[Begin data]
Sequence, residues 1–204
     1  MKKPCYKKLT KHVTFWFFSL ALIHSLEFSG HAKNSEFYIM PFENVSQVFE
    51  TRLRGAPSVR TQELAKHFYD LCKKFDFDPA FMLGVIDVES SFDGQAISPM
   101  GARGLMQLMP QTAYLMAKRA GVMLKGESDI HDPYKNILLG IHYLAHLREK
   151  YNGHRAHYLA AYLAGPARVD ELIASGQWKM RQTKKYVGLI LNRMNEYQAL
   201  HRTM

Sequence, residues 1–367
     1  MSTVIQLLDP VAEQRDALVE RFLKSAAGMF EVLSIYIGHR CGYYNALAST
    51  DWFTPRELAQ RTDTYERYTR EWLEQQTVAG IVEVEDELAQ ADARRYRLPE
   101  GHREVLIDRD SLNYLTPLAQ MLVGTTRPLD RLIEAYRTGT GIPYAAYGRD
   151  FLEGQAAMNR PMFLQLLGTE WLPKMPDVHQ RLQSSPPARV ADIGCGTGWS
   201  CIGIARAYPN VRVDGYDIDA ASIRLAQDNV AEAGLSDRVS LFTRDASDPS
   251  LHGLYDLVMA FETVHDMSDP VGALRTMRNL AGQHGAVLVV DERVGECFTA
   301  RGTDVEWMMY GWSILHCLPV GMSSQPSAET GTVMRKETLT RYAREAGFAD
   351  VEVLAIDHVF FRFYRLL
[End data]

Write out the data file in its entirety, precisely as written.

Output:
Sequence, residues 1–204
     1  MKKPCYKKLT KHVTFWFFSL ALIHSLEFSG HAKNSEFYIM PFENVSQVFE
    51  TRLRGAPSVR TQELAKHFYD LCKKFDFDPA FMLGVIDVES SFDGQAISPM
   101  GARGLMQLMP QTAYLMAKRA GVMLKGESDI HDPYKNILLG IHYLAHLREK
   151  YNGHRAHYLA AYLAGPARVD ELIASGQWKM RQTKKYVGLI LNRMNEYQAL
   201  HRTM

Sequence, residues 1–367
     1  MSTVIQLLDP VAEQRDALVE RFLKSAAGMF EVLSIYIGHR CGYYNALAST
    51  DWFTPRELAQ RTDTYERYTR EWLEQQTVAG IVEVEDELAQ ADARRYRLPE
   101  GHREVLIDRD SLNYLTPLAQ MLVGTTRPLD RLIEAYRTGT GIPYAAYGRD
   151  FLEGQAAMNR PMFLQLLGTE WLPKMPDVHQ RLQSSPPARV ADIGCGTGWS
   201  CIGIARAYPN VRVDGYDIDA ASIRLAQDNV AEAGLSDRVS LFTRDASDPS
   251  LHGLYDLVMA FETVHDMSDP VGALRTMRNL AGQHGAVLVV DERVGECFTA
   301  RGTDVEWMMY GWSILHCLPV GMSSQPSAET GTVMRKETLT RYAREAGFAD
   351  VEVLAIDHVF FRFYRLL